Adam and Eve: Gender Representations in the Bible
This paper compares gender asymmetry in the Bible and in a 16th-century engraving.
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This paper compares engraver Albrecht Durer?s 16th-century visual representation of Adam and Eve as an example of of gender roles in the Bible with the text of the creation story as told in Genesis.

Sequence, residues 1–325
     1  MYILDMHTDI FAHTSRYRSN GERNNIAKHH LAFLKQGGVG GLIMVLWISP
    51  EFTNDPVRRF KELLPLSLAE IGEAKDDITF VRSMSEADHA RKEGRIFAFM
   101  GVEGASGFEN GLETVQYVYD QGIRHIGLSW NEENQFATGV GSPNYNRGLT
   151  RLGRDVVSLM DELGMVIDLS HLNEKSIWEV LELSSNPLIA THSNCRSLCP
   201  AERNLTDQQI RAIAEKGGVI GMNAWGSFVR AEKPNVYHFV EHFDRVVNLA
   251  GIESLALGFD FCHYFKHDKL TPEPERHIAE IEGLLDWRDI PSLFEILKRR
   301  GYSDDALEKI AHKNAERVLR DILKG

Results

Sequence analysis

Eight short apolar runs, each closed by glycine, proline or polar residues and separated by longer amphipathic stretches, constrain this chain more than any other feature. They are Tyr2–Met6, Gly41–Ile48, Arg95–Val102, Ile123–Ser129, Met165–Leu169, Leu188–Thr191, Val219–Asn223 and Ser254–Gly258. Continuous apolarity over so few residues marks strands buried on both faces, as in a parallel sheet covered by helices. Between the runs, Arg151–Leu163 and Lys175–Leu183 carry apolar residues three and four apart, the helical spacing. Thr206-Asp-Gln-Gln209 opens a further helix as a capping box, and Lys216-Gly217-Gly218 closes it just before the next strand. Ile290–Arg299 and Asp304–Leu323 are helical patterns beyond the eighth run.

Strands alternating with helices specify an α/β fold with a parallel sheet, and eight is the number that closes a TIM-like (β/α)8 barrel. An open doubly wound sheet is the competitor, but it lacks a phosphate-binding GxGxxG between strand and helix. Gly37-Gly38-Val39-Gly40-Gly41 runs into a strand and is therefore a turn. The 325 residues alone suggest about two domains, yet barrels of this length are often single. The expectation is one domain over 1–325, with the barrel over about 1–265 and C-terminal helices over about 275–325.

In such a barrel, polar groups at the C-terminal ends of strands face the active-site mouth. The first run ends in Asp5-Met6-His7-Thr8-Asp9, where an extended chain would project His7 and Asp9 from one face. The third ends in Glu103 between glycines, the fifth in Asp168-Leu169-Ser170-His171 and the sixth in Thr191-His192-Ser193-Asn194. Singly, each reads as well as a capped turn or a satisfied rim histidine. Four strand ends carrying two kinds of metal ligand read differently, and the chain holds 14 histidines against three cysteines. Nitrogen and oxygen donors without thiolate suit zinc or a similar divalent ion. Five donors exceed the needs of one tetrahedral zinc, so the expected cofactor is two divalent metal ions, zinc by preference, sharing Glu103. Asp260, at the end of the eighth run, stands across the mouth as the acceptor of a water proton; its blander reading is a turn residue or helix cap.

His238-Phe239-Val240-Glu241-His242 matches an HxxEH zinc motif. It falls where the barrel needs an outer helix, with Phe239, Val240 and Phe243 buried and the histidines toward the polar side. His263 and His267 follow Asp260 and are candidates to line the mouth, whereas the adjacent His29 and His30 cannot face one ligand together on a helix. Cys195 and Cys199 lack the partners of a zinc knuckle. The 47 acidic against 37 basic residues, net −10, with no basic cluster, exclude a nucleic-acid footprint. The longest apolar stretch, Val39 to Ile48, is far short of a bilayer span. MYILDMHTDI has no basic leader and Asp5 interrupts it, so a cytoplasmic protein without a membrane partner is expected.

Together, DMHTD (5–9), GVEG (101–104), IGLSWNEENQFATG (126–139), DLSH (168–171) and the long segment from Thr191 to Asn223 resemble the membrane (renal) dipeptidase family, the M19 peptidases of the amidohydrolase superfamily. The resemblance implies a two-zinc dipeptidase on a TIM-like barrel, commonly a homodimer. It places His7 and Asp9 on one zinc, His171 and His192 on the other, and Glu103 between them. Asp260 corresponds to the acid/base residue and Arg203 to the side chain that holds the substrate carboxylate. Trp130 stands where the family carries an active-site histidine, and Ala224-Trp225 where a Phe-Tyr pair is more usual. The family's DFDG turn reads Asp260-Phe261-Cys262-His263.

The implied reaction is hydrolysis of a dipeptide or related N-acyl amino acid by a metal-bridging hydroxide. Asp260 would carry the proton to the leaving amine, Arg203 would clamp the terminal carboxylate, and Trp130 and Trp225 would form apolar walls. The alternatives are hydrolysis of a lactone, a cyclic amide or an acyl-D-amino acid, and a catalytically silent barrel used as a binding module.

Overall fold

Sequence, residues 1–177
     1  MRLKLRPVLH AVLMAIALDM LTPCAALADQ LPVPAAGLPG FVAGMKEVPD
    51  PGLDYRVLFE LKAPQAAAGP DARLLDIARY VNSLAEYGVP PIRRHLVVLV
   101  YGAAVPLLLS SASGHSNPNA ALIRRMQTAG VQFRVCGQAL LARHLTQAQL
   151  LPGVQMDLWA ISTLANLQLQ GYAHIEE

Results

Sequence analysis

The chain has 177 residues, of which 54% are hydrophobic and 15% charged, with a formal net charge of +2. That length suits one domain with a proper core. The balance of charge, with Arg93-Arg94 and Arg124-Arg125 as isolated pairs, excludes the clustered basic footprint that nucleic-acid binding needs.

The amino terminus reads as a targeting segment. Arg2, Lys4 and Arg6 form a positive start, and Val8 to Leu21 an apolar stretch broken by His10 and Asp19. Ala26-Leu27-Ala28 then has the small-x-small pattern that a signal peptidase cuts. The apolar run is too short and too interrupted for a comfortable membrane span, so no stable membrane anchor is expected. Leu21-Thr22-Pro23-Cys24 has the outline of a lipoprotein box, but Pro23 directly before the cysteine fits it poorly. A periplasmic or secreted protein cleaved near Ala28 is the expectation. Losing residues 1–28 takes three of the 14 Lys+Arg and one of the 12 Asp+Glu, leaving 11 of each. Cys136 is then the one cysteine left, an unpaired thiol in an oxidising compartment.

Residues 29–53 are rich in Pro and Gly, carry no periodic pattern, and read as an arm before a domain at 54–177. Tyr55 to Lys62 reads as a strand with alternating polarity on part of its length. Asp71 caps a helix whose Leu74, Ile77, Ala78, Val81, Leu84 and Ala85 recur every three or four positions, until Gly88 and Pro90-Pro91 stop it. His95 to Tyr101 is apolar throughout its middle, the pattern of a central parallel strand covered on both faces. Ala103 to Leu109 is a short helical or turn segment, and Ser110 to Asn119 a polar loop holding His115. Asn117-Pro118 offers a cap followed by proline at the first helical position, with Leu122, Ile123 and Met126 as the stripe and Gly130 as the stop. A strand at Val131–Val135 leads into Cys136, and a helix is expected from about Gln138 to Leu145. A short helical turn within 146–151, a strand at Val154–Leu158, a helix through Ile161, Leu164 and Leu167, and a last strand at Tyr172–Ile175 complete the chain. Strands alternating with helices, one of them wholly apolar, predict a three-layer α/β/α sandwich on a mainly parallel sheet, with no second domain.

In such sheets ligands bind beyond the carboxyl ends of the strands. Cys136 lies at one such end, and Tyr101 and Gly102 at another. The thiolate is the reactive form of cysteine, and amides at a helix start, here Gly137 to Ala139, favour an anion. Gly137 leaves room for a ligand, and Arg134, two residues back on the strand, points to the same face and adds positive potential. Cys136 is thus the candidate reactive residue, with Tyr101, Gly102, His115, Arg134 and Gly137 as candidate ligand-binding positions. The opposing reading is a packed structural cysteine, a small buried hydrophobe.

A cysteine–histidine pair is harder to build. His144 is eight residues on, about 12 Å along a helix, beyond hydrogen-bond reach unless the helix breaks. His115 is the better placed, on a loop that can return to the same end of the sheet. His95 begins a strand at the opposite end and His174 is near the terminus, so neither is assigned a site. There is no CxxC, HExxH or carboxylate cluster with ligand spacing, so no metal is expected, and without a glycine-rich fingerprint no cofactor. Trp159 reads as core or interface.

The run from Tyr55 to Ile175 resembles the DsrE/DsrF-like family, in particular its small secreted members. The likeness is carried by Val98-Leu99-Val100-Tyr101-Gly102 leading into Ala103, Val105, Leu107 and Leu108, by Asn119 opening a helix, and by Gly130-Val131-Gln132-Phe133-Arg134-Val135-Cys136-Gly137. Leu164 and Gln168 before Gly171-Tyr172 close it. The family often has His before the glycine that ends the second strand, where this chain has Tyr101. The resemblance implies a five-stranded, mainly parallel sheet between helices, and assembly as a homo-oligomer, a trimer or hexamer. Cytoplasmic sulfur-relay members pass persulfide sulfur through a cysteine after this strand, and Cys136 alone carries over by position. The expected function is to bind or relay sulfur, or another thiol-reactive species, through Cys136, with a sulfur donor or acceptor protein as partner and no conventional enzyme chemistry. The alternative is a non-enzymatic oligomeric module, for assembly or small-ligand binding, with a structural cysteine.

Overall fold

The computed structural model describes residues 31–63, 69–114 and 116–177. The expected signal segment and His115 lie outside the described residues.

“Through its dual account of the creation of Eve, the Bible reflects the conflicting nature of society’s perception of woman. On one hand, she is man’s equal partner, his wife and the mother of his children. On the other, she is secondary to him, inferior in both mind and body. In addition to its occurrence in Biblical literature, evidence of this dual nature of womanhood can be found in our culture’s visual history. By studying various artists? renditions of scenes from Genesis, it is apparent that there are two perceptions of Eve that correspond to the double nature of women: equal and non-equal. Durer’s Adam and Eve is rife with these examples of dichotomy. In his engraving, Durer depicts the couple in the Garden of Eden the moment before Eve accepts the apple from the serpent. Whereas certain aspects of the composition point out the physical similarities between Adam and Eve, there are also hints at an implicit hierarchy between the genders. This mixture of equality and inequality underlines the conflict in Genesis: while the likeness between Adam and Eve is reminiscent of the first, simultaneous creation story, their differences reflect the gender asymmetry that characterizes the second creation myth.”